Survey Center’s polls key
Leading to election, work remains steady
Published: Tuesday, October 2, 2012
Updated: Wednesday, February 13, 2013 15:02
In the middle of the presidential election campaign, the UNH Survey Center has been busy conducting political polls. During a phone interview, director Andrew Smith said that “the survey center does political polling, but it is not the major focus.”
The Survey Center also conducts information based on faculty and government research. Smith said that the Survey Center is collecting polls for WMUR and is polling in Massachusetts for The Boston Globe.
With the upcoming election, it would seem that the Center would need to build a larger staff. However, Smith claims that the Survey Center has not had to hire more people than usual, but that it is constantly hiring because there are typically 50 to 65 interviewers at any given time.
Martha Belanger, the field director for the Center, said that the workload does not seem heavier than normal, but that the Survey Center is holding off on adding other clients right now.
The clients determine what subjects the Survey Center polls for, not the person being surveyed. For instance, The Boston Globe issues surveys based on current issues in Massachusetts at the time. Clients of the Survey Center include The Boston Globe, Channel 9, and recently, the University of Connecticut.
Elise Deyett, a new surveyor, said she conducts “one general survey for a particular season and place. The Boston Globe will make a survey, send it to the Survey Center and then the Survey Center calls specific towns in Massachusetts.”
The Survey Center also conducts its own survey. On the Survey Center’s webpage, it says that the Granite State Poll is “a quarterly survey of public opinion in the state of New Hampshire.”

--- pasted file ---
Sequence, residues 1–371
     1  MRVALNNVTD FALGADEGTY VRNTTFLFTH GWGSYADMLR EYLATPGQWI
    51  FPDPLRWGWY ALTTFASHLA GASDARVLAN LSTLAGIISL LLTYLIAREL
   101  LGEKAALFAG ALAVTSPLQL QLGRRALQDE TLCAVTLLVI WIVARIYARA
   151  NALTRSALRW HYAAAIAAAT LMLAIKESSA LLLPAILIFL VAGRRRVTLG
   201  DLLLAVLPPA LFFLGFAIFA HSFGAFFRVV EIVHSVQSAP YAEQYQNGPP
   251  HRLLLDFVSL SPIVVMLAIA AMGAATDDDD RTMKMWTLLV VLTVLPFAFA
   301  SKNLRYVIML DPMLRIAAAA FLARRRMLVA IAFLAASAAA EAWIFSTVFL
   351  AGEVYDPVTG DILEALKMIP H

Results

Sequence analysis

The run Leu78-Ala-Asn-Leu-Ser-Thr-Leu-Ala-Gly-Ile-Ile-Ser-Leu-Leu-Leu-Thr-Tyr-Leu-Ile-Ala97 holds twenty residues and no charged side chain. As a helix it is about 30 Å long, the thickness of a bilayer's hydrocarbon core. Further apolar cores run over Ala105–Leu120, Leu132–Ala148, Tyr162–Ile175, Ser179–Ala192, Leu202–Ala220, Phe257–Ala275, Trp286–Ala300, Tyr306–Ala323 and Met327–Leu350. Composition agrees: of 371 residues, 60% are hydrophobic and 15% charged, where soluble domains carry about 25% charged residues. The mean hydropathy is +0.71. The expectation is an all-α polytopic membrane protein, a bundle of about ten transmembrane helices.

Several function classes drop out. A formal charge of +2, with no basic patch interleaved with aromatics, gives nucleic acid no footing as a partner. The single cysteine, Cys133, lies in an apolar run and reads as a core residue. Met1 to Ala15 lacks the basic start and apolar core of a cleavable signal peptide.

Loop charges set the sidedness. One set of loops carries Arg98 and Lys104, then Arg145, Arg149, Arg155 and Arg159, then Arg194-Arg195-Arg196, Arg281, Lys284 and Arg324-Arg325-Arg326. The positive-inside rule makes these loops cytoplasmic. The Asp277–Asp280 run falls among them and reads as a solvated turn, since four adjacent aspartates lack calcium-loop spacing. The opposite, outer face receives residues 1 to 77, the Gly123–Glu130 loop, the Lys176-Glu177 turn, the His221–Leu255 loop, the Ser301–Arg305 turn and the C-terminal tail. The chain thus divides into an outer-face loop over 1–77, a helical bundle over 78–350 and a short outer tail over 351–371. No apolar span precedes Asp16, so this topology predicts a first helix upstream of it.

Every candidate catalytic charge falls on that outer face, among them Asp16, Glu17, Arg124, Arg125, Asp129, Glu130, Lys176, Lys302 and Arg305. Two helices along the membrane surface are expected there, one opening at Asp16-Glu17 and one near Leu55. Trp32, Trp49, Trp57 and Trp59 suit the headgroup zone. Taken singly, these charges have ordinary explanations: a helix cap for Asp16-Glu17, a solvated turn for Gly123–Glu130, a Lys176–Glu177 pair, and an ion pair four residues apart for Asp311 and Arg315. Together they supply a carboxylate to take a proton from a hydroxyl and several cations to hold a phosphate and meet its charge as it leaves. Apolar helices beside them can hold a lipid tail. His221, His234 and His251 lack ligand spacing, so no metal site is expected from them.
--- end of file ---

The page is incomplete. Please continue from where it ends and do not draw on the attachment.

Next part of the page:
A typical day at the Survey Center differs from person-to-person. Belanger has been with the survey center for 24 years. A typical day for her involves hiring, paperwork, payroll, programming, ordering sample surveys, training and many other behind-the-scenes tasks.
The hours in an average day for the Survey Center are from 9 a.m. to 9 p.m. If it needs to conduct national surveys — like it does for UConn — the hours extend to midnight to account for the different time zones that stretch across the United States.
For an employed survey conductor, the day has a different layout. Deyett says that the goal is to make 40 calls an hour, but that she has gotten up to 55. An average survey will last for about five to 10 minutes, but Deyett has had one call last 40 minutes.
According to Belanger, the number of people that consent to a survey is about one per hour. With all of the surveyors on staff, the numbers can climb.
While the Survey Center has 12-hour days and conducts 40 calls an hour for each employee, employees say the working conditions are very good. Deyett said that the Survey Center “treats employees pretty well, and I only have to work a minimum of 12 hours a week. It’s pretty easy.”
Deyett takes it lightly, but Smith knows how valuable his interviewers are.
“I’m very proud of the interviewers. They work hard. The work can be stressful, and especially under time constraints, they do a really good job,” he said.